Russia’s invasion of Ukraine is going to make buying a car even worse

Pickup trucks at a car dealership.

Pickup trucks at a car dealership in Littleton, Colorado.David Zalubowski/AP

  • The economic impacts of Russia’s invasion of Ukraine are already being felt by US consumers.

  • The crisis is complicating car manufacturing and could keep expensive car prices from coming down.

  • Prices of certain metals have surged as a result of the war, and some auto plants are shutting down.

Russia’s invasion of Ukraine is sending shockwaves through the global economy as retaliative sanctions and war disrupt already-battered supply chains.

Americans are already feeling the effects of the crisis in the form of sky-high gas prices, the likes of which haven’t been seen since the Great Recession. There’s another potential impact: Putin’s war could keep expensive car prices from heading back toward Earth.

Since the pandemic started, the cost of both new and used vehicles has shot up as a computer-chip shortage, supply-chain problems, and COVID-19 outbreaks hobbled car production worldwide. Over the last 12 months, the average price of a new vehicle rose 12%, while used-car prices shot up 41%, according to the US Consumer Price Index, which tracks inflation.

In February, the average transaction price for a new car was $46,085, according to Kelley Blue Book, down from a record high in December. That figure rose nearly $10,000 between 2020 and 2021.

Carmakers were just beginning to see the light at the end of the tunnel when Russia’s incursion kicked off a new wave of challenges — challenges that could hurt the global supply of new vehicles and make them more expensive to produce.

Volkswagen, Porsche, and BMW all have cut production at European factories due to a lack of critical components coming from suppliers in Ukraine. The country manufactures wiring harnesses, which organize cables within a vehicle. Several carmakers have ceased production at plants within Russia.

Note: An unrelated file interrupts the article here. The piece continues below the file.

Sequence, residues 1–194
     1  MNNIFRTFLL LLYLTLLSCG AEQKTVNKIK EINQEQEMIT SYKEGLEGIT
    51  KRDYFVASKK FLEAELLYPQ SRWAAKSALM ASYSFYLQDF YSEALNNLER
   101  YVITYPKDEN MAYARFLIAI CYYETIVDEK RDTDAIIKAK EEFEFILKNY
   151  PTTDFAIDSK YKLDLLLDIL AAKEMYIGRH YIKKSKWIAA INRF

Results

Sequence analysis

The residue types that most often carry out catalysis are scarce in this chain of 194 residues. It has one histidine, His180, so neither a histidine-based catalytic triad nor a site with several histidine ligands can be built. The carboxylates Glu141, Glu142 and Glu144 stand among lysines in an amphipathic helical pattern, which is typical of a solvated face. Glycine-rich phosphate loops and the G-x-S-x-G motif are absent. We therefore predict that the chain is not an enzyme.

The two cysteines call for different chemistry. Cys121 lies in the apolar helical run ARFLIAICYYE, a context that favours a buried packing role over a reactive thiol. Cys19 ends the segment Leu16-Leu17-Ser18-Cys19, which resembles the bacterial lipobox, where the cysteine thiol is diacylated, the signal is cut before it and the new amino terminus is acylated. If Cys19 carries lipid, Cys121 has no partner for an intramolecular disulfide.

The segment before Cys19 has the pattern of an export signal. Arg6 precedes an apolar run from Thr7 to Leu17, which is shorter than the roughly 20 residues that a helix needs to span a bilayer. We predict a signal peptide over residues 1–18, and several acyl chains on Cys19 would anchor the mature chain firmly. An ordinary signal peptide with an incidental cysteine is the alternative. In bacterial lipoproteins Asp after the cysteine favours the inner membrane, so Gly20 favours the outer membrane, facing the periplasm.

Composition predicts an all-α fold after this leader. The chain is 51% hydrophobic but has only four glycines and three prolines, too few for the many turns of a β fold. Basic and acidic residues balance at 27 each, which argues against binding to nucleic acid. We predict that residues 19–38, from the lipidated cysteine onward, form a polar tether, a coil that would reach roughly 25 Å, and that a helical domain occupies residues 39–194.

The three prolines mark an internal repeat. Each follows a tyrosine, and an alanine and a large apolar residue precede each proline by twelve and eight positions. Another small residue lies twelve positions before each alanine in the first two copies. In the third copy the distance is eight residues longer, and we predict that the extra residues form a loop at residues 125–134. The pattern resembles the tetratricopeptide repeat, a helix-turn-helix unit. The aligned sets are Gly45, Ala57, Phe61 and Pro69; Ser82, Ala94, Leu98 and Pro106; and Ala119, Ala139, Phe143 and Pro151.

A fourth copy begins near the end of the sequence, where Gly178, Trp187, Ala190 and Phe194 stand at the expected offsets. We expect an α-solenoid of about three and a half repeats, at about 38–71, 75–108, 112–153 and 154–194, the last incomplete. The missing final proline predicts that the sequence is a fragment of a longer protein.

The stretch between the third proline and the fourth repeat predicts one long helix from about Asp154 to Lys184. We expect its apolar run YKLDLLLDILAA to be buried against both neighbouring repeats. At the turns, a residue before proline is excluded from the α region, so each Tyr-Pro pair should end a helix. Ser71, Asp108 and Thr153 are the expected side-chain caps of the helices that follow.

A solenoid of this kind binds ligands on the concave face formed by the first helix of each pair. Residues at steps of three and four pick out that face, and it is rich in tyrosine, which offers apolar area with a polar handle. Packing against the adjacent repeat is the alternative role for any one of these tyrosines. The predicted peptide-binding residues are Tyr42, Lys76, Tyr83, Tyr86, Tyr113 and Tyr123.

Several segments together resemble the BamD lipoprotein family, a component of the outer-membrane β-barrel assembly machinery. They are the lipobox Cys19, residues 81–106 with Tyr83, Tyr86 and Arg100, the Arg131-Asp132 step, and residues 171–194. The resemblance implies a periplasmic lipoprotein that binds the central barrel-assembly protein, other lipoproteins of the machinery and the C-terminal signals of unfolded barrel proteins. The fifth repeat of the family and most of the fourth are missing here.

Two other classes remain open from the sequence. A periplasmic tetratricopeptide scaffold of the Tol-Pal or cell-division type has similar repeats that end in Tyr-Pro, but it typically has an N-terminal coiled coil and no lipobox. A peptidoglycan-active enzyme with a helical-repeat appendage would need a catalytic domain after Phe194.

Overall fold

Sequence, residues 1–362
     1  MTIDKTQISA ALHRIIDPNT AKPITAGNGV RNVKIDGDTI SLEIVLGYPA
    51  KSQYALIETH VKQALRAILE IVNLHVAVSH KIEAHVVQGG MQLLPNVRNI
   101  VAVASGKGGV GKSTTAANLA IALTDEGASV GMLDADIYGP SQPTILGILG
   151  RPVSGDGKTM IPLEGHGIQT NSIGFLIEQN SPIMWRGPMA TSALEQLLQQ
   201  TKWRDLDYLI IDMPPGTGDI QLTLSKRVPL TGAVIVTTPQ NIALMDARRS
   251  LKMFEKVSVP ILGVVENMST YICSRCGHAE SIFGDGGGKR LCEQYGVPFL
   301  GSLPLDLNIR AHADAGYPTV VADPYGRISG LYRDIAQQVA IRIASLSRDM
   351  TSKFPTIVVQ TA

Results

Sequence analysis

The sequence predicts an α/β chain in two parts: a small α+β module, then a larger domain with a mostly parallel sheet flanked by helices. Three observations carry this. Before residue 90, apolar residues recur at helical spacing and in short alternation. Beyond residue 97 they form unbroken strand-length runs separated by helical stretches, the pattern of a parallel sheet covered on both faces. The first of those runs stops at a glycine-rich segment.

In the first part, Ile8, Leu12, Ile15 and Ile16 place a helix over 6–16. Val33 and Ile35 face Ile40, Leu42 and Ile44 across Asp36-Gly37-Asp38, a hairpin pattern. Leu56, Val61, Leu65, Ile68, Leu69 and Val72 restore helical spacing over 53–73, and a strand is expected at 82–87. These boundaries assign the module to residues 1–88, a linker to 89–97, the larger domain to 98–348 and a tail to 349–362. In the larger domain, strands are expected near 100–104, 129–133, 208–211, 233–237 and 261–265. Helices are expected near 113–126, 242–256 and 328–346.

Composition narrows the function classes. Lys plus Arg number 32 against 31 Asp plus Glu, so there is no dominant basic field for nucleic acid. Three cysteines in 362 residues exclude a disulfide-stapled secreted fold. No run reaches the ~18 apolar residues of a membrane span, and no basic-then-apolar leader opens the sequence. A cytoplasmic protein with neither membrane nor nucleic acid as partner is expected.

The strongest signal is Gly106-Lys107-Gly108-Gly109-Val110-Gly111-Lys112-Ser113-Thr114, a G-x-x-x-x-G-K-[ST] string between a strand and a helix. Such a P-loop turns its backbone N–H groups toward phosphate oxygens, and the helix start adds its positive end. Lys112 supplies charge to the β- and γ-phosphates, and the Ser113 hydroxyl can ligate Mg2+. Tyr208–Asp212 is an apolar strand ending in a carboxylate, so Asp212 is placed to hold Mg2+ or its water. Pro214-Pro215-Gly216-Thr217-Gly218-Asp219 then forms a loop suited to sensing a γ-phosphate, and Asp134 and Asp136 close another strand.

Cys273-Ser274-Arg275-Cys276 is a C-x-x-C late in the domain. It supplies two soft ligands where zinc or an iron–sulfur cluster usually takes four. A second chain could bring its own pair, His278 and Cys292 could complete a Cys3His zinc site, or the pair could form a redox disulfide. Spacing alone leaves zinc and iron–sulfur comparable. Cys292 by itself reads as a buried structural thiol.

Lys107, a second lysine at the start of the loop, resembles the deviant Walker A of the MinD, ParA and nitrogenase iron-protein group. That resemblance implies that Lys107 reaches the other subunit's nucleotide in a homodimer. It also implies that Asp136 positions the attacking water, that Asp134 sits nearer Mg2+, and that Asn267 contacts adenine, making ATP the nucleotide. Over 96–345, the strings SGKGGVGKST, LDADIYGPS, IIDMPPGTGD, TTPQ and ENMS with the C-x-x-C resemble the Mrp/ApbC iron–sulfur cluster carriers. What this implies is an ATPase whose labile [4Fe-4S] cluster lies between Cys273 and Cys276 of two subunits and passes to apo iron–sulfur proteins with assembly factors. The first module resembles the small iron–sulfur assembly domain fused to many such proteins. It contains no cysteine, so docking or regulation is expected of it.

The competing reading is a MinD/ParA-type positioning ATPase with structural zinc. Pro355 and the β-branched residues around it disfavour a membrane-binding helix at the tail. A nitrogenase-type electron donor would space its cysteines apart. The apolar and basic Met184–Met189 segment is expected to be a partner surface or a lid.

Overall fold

Moreover, Russia is a significant supplier of automotive-grade metals like aluminum, palladium, and nickel, the last of which is a key component in electric-vehicle batteries. Prices for these and other raw materials have shot up in the wake of wide-ranging sanctions on Russian exports, and carmakers could pass on increased costs to consumers, experts say.

“With prices for oil and gas, along with commodities like metals used to build vehicles, soaring due to Russia’s invasion of Ukraine, automakers may be compelled to try to offset their increasing costs by raising vehicle prices,” Michelle Krebs, executive analyst at Cox Automotive, said in a statement. “The Ukraine situation is causing additional disruption to the automotive supply chain which makes the likelihood of growing inventory, which remains stuck at low levels, less of a sure thing.”

Spiking nickel prices could increase the cost of producing an electric car by up to $2,000, according to a Morgan Stanley analyst note.

Late last month, JD Power and LMC Automotive cut their projection for global light-vehicle sales by 400,000 units. “An already tight supply of vehicles and high prices across the globe will be under added pressure based on the severity and duration of the conflict in Ukraine,” said Jeff Schuster, president of the Americas for LMC Automotive.

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